CALGARY – Mornings for recent chemical engineering graduate Stephen Situ consist of a bowl of cereal and a search through job boards before he starts driving for Uber Technologies Inc. at lunch.
Situ, like many in his under-25 age bracket, hasn’t found regular, full-time employment since graduating from the University of Calgary two years ago, except for a few months doing door-to-door internet sales for Telus Corp. and some construction labour in various parts of northern Alberta.
“I lost hope, but I started to see the bigger picture. This is life and sometimes it doesn’t work out,” said the 24-year-old, who estimates he has sent out more than 1,000 resumés. He said he’s also had a difficult time finding jobs in other sectors as well.
Indeed, young Albertan men are the only demographic whose employment numbers have continued to fall — and sharply at that — while employment levels for older men and women of all ages have almost recovered to pre-recession levels.
Put simply, Situ and other young men have not participated in Alberta’s economic recovery.
Statistics Canada data show 67 per cent of males between 15 and 24 were employed in the fall of 2014 when Alberta’s brutal, years-long recession began. Today, 55 per cent of them are employed, a 12-percentage-point decline even though real GDP grew 4.5 per cent in 2017.
Similarly, Alberta’s unemployment rate for males aged 15 to 24 was 14.6 per cent in March, which starkly contrasts with the province’s overall unemployment rate, which fell to a three-year-low of 6.3 per cent.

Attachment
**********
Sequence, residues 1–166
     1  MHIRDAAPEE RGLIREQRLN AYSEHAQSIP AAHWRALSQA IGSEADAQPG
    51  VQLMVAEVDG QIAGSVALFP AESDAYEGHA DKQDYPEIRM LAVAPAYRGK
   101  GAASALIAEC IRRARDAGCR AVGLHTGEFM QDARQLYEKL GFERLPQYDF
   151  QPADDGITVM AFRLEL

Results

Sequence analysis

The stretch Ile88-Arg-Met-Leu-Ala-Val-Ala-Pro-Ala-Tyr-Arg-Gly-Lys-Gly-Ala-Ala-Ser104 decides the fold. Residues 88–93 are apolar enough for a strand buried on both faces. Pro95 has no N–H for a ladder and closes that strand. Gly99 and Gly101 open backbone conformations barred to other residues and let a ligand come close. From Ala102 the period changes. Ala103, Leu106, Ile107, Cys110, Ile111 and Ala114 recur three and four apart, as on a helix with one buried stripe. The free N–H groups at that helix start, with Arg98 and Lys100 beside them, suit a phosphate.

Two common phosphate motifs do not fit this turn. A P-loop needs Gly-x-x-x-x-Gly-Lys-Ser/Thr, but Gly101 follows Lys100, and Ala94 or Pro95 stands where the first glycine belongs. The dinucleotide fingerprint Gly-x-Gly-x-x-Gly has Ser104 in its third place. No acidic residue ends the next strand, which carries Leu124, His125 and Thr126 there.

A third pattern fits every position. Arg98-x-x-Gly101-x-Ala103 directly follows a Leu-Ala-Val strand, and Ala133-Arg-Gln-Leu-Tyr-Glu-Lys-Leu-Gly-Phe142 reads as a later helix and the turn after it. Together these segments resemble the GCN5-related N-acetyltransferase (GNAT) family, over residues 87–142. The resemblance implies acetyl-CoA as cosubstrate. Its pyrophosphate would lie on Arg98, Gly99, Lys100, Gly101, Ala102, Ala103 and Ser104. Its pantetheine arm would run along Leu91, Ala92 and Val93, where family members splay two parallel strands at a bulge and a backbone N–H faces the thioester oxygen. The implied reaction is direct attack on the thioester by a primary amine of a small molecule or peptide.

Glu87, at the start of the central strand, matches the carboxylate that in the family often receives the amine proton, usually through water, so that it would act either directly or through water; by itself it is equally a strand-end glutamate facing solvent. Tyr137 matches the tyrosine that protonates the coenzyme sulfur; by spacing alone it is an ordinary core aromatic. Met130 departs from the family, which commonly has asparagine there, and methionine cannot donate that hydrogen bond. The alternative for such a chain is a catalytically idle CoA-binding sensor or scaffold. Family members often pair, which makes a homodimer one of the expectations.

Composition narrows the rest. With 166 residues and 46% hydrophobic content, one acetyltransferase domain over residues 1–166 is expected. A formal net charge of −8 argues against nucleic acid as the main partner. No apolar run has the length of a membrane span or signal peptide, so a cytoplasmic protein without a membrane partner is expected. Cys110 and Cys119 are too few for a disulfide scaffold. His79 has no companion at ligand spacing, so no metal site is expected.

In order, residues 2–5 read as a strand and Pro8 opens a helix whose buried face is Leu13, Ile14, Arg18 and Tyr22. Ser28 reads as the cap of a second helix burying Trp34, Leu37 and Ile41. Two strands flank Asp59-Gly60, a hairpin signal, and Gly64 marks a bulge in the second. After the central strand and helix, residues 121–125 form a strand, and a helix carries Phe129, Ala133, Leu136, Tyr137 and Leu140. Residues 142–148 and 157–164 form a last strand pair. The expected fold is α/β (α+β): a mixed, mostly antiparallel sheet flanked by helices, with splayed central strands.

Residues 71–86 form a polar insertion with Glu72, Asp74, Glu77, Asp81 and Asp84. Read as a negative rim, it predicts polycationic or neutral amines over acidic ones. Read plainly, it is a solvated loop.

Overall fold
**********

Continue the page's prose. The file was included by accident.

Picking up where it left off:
It’s not for lack of trying. Situ rattles off a long list when asked what he’s done to improve his job prospects: He’s been to career coaches and placement agencies, reworked his resumé, and widened his search to include all of Western Canada.
“I have a network, but it’s mostly unemployed people,” Situ said. “I have friends that went to graduate school and they’re still unemployed.”
In 2014, the U of C’s post-graduation employment rate for chemical engineers was 87 per cent. That fell to 41 per cent in 2015 and rose slightly to 43 per cent the following year. Most other engineering disciplines had similar declines, other than software engineering.
University of Calgary economist Trevor Tombe estimated that overall employment in the province is still 40,000 jobs below pre-recession levels. He said the drop in employment for young men is equivalent to 30,000 jobs, which represents 75 per cent of the province’s yet-to-be-recovered jobs.
“It is so stark,” he said, calling the phenomenon a “male-dominated recession.”
Data specific to the province’s energy sector corroborate that the recession, which has resulted in a net loss of 29,800 oil and gas jobs in Alberta since 2014, hit younger workers particularly hard.
“We have a seen a decline in the younger workforce,” said Carol Howes, vice-president of Petroleum Labour Market Information, a division of Energy Safety Canada.
The organization’s data show that 24,674 people aged 15 to 24 worked in the Canadian oil and gas sector in 2006, accounting for 15 per cent of the total workforce. In 2016, the last year for which data is available, that had fallen to 12,497 people, which accounts for just seven per cent of the sector.
Howes said there are a few factors that have hurt younger workers. Most notably, many companies use a “last in, first out” approach to layoffs and they are also looking to retain experience as they cut jobs, which has eliminated positions for fresh graduates and stunted the careers for people just getting established.
Erik Nyman, an out-of-work journeyman electrician, was a general foreman in his mid-20s at a thermal oilsands project when he was laid off in December 2015.